If your document needs translation before or after the legalisation process, we can also handle that for you. You can have your document translated into over 170 different languages by our professional translators, who always work in their mother tongue.
In most cases we will require the original document to legalise it. For documents such as educational certificates and commercial documents, we will usually then certify the original and carry out legalisation on the certified copy. In most cases, we can carry out legalisation on the original if this is preferred, but please note that this is not a legal requirement.
You can, but some issues may occur. For example, delays can be experienced if your solicitor’s signature isn’t held on the FCO’s database of recognised sample signatures. In cases such as these, the FCO will ask your solicitor to send a copy of their signature so they can add it to their database, which naturally leads to a delay in processing. Our solicitor’s signature is stored at the FCO’s system so the FCO recognises their signature and the legalisation process can go forward without delay.
There are some reasons why the Foreign and Commonwealth Office would not stamp a document. These include:
Certificates produced by governmental bodies such as Birth, Marriage or Death Certificates, Decree Absolutes, Wills etc cannot be legalised if they have been laminated. In this case, we would need have an new copy reproduced so the work is carried out on that one instead.
In the case of Educational Certificates, or any document that requires certification by a solicitor, certified copies will be always be produced and the work will be done on those copies so your original document remains clean. As such, lamination will not prevent us from legalising your document(s).
Are supporting documents such as Passports or ID cards required in order to get my documents legalised?
In most cases, we do not require identification documents to be able to legalise your documents. This is because we are validating the document, not the person. There are some circumstances where a photocopy of your passport may be required, for example when legalising documents for use in Saudi Arabia. If this applies to you, we will contact you to arrange this.
Vital Legalisation consists of a team of specialists. You can be assured that your documents are treated with care, attention to detail, and a consistent, professional manner. For any document held within our offices during the legalisation process, for example when we are legalising a copy of an original document, your original documents are stored safely to prevent damage or loss.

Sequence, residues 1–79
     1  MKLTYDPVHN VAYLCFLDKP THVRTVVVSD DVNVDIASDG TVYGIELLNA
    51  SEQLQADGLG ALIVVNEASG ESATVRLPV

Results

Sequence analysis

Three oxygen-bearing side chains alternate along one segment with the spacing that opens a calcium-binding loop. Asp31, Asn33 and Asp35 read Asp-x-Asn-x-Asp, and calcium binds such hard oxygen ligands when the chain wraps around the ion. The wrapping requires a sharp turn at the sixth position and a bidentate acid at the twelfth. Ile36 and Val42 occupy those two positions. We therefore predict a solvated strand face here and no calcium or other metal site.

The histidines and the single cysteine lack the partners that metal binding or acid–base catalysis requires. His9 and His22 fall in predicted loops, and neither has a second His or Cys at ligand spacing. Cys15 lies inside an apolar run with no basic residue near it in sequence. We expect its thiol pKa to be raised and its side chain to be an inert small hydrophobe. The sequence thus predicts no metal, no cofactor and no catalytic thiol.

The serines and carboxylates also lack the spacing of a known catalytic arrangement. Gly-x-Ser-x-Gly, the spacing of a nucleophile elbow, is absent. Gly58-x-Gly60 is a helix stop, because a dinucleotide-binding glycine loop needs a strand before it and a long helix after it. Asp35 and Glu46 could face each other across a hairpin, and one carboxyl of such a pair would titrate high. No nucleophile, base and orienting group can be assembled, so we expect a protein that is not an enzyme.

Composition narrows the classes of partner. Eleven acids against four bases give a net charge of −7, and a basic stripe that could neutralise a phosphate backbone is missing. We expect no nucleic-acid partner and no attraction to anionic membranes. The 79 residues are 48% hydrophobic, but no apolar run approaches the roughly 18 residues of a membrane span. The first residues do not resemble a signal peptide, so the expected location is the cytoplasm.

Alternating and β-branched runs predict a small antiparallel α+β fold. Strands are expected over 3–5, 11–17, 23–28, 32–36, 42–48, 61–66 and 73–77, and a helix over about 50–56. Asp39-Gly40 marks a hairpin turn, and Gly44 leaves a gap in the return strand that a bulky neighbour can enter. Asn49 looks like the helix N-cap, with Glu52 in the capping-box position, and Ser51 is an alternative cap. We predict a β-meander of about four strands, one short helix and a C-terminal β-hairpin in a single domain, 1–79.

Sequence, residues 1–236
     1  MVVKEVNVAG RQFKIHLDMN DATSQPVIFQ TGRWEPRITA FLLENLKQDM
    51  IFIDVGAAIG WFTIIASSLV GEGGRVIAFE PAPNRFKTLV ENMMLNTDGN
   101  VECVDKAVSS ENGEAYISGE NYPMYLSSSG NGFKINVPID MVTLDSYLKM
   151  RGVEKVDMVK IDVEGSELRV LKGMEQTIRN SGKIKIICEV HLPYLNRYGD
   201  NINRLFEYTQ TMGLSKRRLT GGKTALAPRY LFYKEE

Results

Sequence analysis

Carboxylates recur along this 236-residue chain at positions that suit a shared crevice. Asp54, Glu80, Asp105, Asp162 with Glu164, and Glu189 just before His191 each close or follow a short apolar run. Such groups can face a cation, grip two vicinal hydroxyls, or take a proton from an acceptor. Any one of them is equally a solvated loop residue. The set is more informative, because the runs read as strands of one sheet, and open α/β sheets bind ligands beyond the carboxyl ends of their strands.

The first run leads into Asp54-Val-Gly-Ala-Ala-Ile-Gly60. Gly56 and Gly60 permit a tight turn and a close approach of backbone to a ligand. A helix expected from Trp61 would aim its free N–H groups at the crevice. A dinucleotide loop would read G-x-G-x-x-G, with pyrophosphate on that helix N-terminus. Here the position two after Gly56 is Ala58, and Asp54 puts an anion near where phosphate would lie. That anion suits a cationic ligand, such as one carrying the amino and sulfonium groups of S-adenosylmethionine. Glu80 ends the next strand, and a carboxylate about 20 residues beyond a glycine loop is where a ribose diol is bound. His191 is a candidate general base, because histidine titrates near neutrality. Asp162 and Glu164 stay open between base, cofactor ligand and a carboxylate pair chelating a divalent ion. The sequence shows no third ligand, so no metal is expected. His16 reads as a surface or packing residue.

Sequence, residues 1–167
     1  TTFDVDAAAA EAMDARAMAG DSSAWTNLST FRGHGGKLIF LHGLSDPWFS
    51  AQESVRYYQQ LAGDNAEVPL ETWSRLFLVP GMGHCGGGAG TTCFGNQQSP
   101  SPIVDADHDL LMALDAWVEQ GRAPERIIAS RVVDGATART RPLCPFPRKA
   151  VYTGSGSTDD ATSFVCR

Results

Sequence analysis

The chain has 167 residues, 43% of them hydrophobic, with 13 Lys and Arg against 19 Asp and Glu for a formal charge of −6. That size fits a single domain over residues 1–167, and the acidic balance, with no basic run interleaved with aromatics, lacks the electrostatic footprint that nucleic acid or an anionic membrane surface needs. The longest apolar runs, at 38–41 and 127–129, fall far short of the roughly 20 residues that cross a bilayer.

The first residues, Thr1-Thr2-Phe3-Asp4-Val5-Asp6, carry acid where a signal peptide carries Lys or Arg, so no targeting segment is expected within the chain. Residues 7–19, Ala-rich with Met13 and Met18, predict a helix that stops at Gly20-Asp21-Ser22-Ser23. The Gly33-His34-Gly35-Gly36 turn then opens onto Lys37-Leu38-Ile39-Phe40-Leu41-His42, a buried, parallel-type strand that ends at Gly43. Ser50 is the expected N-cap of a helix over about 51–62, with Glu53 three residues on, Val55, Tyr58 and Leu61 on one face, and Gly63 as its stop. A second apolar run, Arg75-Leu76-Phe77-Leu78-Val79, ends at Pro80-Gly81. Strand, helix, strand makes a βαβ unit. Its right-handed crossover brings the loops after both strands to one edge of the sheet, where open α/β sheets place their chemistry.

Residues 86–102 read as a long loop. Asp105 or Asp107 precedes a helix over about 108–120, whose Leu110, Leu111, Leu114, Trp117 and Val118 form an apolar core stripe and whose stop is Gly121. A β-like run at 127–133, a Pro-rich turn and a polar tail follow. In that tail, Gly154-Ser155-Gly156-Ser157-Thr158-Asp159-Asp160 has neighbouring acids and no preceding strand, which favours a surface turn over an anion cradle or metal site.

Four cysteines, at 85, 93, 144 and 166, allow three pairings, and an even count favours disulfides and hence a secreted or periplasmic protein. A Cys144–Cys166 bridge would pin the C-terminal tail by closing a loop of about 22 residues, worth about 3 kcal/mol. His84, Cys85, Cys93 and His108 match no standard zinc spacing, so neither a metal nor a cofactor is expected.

You can place your order directly on our website, following the process from the Order Online page and selecting the country you want to order legalisation for. Alternatively, one of our Expert Advisors can also arrange your order over the phone.
You can pay for your order with a Visa, Maestro or American Express Debit/Credit card, though PayPal, Bank Transfer (EFT/BACS) or by Cheque.
The legalisation office you need to send your documents to will depend on the speed of service you are going for.
Note: Please do not send anything to us without a confirmed order reference number. This will be provided to you at the time of your order either online or over the phone.
For either STANDARD and EXPRESS orders, please send your document(s) to our legalisation Head Office in West Yorkshire:
For URGENT orders ONLY, please send your document(s) to our London legalisation office:
Please be aware that documents sent to the incorrect legalisation office will lead to a delay whilst we arrange to transfer your document(s) to the correct office.
The time taken to complete your work will depend on the speed of service you have chosen (Standard, Express or Urgent), as well as the time required to ship the document to and from our offices in the UK. Please add in sufficient time for shipping when choosing your service speed. As a general rule, UK shipping is overnight, whilst overseas deliveries will take longer. Here are some standard courier shipping times to and from the UK:
For an accurate delivery time, please contact us.
We always process documents as soon as we receive them and do whatever is possible to meet the required timescales. Please bear in mind however that we are dealing with government offices and delays can occur either at the FCO or at the Embassy. These delays are very rare, and whilst out of our control, we would inform you as soon as we are made aware to allow you to plan accordingly.